Eight storm events were sampled at the two monitoring stations.  Duplicate samples of one storm event per monitoring station were sent to the laboratory for QA/QC purposes.  Analytical results were linked to the continuous rainfall, stream stage, pH, conductivity, and temperature data, and used to calculate Event Mean Concentrations (EMCs) in accordance with procedures required by the County’s NPDES permit. All data entry followed applicable QA/QC procedures.

Aquatic Habitat Aquatic

habitat was visually evaluated utilizing the Maryland Biological Stream Survey (MBSS) Physical Habitat Index (PHI) (Paul 2002). The MBSS PHI is partly based on the Environmental Protection Agency’s Rapid Bioassessment Protocol but it incorporates other parameters also found to be indicative of habitat quality in other Maryland streams.  These parameters include shading, distance to the nearest road, instream habitat, bank erosion, and instream woody debris and rootwads.

Benthic Macroinvertebrates

Benthic macroinvertebrate collection was conducted using the MBSS Spring index period protocols. This method emphasizes the community composition and relative abundance of organisms in the most favorable habitats. The most favorable habitat is a riffle area followed by, in order, gravel/broken peat and/or clay lumps in a run area, snags/logs that create a partial dam or are in a run area, undercut banks and associated root mats in moving water, submerged aquatic vegetation (SAV) and associated bottom substrate in moving water, and detrital/sand areas in moving water. The most favorable habitats were sampled in proportion to their dominance in the segment.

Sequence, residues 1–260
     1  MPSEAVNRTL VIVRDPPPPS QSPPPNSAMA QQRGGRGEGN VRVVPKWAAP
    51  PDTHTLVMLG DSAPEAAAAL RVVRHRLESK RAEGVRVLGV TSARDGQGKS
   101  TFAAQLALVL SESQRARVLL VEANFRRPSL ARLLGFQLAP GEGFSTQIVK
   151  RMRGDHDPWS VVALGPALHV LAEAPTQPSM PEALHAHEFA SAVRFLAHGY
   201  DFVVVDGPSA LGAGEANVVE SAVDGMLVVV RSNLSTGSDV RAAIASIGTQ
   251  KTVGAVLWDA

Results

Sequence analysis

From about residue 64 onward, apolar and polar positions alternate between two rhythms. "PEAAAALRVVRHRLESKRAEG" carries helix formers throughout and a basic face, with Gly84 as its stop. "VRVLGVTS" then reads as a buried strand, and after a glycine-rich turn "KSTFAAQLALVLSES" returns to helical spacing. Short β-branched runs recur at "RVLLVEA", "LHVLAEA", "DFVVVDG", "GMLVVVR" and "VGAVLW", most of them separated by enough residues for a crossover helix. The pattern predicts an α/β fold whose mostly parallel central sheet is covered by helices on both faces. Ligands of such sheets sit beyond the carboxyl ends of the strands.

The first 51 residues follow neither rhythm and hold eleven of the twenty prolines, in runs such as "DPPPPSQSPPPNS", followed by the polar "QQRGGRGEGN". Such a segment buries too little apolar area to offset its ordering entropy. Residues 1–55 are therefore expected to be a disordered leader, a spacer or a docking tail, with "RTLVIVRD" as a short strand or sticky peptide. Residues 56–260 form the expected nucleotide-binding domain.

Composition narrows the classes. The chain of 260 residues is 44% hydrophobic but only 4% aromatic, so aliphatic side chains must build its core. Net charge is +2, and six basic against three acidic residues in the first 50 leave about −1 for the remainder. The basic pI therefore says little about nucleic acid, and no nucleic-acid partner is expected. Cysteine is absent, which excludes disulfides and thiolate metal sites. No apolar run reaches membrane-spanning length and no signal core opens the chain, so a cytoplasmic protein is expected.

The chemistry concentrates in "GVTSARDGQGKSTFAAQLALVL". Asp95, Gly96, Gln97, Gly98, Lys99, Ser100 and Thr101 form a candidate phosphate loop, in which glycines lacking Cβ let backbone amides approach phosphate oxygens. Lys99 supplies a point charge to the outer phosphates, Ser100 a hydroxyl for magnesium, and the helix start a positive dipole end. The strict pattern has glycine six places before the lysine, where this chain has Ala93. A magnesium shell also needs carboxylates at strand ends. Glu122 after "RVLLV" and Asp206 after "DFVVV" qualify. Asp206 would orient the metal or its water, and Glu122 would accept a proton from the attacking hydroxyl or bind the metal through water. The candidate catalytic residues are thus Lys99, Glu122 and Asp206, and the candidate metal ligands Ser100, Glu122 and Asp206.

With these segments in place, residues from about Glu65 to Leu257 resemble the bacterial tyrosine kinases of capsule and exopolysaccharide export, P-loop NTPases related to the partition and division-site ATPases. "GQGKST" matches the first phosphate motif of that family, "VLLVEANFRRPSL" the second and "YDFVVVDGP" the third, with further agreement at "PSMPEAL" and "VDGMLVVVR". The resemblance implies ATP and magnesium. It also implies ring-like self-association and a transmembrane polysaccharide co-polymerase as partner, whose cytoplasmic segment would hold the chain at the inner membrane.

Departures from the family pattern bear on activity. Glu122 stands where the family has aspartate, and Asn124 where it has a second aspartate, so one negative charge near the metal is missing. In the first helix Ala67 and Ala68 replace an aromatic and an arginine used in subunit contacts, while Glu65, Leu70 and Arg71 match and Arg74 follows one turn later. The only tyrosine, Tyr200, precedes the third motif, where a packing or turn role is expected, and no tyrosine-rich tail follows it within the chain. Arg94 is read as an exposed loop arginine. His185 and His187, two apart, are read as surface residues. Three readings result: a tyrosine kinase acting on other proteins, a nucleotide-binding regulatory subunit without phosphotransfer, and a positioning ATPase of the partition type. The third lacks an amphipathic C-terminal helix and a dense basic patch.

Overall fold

Starting at the downstream end of the segment, the various habitats are sampled for organisms using a D-net.  In riffles and runs, the D-net is firmly placed in the substrate while the organisms are dislodged from any rocks and gravel by gently agitating a one square-foot patch directly upstream of the net opening.  Any large rocks and cobbles present in the one square foot patch are gently placed within the net and cleaned to remove organisms.  To sample undercut banks, the net is used to gently agitate one square-foot of roots and other substrate making up the bank.  For logs and snags, the surface of the log is gently rubbed with the net and/or by the sampler.  These procedures are repeated until a total of 20 square feet is sampled within the 75-meter segment. Benthic macroinvertebrates collected were sorted and identified to genus.

Water Quality

Water quality data were collected in-situ using a Hydrolab Quanta multi-probe meter with an SD-12 transmitter.  Temperature, turbidity, pH, conductivity, and dissolved oxygen parameters were measured.

Physical Monitoring (Geomorphic Assessment)

Geomorphic sampling included a longitudinal profile survey, cross section surveys, and a representative pebble count. Data from these measurements were used to determine the stream type of each reach as categorized by the Rosgen Stream Classification (Rosgen 1996).  Longitudinal profiles were performed throughout the entire study reaches.  Cross section surveys were performed at five predetermined locations and located using GPS. Photos were taken of upstream, downstream, left bank, and right bank views at each cross section.